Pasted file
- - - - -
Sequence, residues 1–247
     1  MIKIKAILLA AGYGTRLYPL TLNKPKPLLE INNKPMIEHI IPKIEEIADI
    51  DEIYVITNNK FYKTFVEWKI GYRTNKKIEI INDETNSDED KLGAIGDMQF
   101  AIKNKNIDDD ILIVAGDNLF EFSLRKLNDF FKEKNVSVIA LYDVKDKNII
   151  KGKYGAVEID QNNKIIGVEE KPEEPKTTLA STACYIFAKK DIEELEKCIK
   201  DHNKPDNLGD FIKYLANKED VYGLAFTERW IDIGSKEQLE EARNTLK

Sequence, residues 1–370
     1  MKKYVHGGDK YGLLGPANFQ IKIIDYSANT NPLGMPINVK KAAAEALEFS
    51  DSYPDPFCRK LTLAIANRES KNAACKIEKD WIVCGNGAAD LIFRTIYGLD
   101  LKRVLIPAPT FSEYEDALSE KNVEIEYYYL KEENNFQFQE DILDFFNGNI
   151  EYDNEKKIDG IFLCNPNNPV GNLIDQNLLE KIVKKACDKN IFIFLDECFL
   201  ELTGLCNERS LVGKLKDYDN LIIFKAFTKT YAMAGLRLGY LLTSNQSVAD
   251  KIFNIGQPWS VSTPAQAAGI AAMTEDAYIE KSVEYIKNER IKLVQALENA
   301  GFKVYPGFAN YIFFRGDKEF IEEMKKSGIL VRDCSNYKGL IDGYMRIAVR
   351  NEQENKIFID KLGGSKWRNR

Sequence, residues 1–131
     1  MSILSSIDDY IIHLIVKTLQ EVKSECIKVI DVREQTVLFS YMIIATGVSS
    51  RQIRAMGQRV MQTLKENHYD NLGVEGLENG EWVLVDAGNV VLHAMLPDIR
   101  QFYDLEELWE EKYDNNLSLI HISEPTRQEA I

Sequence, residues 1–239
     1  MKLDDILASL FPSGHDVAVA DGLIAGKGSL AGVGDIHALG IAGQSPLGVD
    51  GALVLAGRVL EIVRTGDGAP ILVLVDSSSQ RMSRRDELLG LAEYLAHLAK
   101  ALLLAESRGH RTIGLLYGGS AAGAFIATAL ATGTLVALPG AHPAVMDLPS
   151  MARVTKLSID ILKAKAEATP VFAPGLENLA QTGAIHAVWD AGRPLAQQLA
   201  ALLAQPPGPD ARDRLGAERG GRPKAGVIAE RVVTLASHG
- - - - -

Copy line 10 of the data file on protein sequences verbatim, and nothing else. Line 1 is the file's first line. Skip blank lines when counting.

   101  LKRVLIPAPT FSEYEDALSE KNVEIEYYYL KEENNFQFQE DILDFFNGNI